Meeting with the SCoPEd technical group 3 February 2021
Meeting with the SCoPEd technical group 3 February 2021
by Janet Tolan
Published on 26 March 2021
Present: Technical Group: (Chairing) Fiona Ballantine-Dykes (BACP), Jan McGregor Hepburn(BPC), Lindsay Cooper (NCS), Kathy Spooner (ACC), Keri Johnson (BACP, minuting), Person-Centred group: Andy Rogers, Peter Blundell, Janet Tolan.
The original purpose of the SCoPED project was to map the current training field in counselling and psychotherapy. It was to have been a three month endeavour but has now been going for years. This meeting revolved around not just the competencies but the issue of implementation of the SCoPEd framework. The Person-Centred group (PCG) were not opposed to the mapping exercise but said that they could not properly comment on the project until they knew how it would be implemented. The SCoPEd Technical Group (STG) were insistent that the framework was simply that. However: “Decisions about implementation have not been made. The opposite end of that is we have not done all this work to stick it on a shelf” (F B-D).
The PCG asked for an independent impact assessment taking into account modality, inclusion and diversity. The STG said that there was no impact yet, because it was just a mapping exercise. The PCG disagreed, saying that prospective students were changing course and courses themselves were changing to fit in with the perceived levels of SCoPED. An impact assessment may give an insight into some of the unintended consequences of SCoPEd.
The PCG challenged the notion of levels, pointing out that academic level does not distinguish therapeutic competence. The difference often lies in an ability to write academic essays and undertake research. PB and JT had worked on courses in HE, FE and the private sector (JT submitting three courses for BACP Accreditation) and the standards for therapeutic competence were equally rigorous in all sectors.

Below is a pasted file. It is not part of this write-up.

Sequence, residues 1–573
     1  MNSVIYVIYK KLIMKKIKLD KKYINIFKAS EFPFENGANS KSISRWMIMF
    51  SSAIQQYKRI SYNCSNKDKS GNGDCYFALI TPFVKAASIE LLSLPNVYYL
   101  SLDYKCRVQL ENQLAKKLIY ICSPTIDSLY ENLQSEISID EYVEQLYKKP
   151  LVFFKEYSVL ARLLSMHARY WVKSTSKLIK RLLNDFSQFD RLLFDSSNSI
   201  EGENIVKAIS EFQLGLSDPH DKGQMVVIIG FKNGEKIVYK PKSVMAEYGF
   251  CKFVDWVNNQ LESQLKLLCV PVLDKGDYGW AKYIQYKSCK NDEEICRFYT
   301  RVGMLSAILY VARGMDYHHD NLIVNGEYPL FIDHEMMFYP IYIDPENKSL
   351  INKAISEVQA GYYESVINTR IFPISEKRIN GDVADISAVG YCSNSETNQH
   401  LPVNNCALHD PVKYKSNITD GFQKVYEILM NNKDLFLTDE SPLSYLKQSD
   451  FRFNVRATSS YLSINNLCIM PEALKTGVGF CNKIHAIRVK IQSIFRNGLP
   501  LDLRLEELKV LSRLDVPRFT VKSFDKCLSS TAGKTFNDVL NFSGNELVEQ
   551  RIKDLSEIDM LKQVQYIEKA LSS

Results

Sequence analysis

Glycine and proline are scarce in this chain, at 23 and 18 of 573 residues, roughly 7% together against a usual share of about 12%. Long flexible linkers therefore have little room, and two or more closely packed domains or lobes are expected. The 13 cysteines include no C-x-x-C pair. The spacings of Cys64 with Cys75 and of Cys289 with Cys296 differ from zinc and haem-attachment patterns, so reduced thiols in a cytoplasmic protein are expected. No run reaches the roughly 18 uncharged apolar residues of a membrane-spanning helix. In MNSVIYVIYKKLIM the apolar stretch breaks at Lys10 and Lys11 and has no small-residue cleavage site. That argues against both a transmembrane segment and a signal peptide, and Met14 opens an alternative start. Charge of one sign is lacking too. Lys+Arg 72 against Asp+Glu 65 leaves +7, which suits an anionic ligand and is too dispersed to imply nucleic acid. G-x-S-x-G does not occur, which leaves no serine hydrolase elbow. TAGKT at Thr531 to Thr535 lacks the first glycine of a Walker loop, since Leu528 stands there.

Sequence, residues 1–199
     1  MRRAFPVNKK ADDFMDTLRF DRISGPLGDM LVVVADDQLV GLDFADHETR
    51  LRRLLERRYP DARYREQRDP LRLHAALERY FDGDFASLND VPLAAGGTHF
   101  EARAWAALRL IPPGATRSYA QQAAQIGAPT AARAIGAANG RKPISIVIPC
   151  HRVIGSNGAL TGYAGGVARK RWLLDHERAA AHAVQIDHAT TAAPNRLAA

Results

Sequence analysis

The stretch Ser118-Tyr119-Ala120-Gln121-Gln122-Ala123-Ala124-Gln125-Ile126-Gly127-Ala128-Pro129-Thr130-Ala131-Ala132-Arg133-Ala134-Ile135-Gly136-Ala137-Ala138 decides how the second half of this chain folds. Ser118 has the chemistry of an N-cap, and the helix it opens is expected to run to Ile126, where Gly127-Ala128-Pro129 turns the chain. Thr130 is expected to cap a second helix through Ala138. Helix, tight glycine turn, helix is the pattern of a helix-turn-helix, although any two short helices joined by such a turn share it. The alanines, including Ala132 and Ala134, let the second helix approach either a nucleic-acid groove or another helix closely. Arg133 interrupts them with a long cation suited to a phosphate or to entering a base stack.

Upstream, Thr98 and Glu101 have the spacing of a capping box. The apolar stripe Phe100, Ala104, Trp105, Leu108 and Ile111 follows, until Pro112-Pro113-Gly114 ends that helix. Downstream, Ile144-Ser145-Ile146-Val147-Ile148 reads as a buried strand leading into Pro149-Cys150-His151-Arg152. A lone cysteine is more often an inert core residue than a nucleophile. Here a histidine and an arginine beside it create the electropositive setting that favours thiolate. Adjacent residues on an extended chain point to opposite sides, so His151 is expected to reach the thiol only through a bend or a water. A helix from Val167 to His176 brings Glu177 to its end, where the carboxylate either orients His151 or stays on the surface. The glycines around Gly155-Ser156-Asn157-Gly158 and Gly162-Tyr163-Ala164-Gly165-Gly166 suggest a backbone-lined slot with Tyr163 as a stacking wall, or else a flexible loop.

Further, students with non-traditional educational backgrounds are more likely to study at a local community college or private college than gain access to a University, so that a distinction based on levels will entrench existing discrimination.
F P-B: “It is not just about level. It’s a combination of how long the training is, how many client hours, what’s the extent of supervision. Those do differ. That’s not a value judgement. The middle column is Level 4 to level 7. BACP has Accredited courses from L4 to L7 that are delivering to the same level” “It’s a matrix of things which is very hard to explain. One of the enabling things about the framework, to go to your point about access and inclusion, is: – in the olden days if you did a level 4 and then you decided you wanted to do a psychotherapy training, you would be asked to start again from scratch. What the framework suggests is that that’s a nonsense. There will be things you can add on.”
The PCG pointed out that this clearly moves from mapping to implementation. Moreover, when the STG talked about providing gateways between levels so that people could do a “top-up” rather than start again, the PCG expressed great scepticism that the psychotherapy organisations such as GPTI and the psychoanalytic associations would ever accept into membership people who had done an “add-on” or “top-up”. This also raises the question of assessment. Who would be the assessors? How would the gateways be monitored? Assessment of competencies usually focusses on what is easy to assess, often peripheral rather than the “heart” of therapy. And why put up fences in the first place so that gateways are needed?
F B-D: “We are inviting genuinely, openly, collaboratively, for you to tell us what needs to happen.”The PCG acknowledged the genuineness of this invitation but replied: “It is really hard to buy into something when you don’t know how it’s going to be used. There’s so much uncertainty. People here today have said ‘we don’t know how it’s going to be used’. It’s a big ask for us to commit to something when we don’t know what it’s going to turn in to.”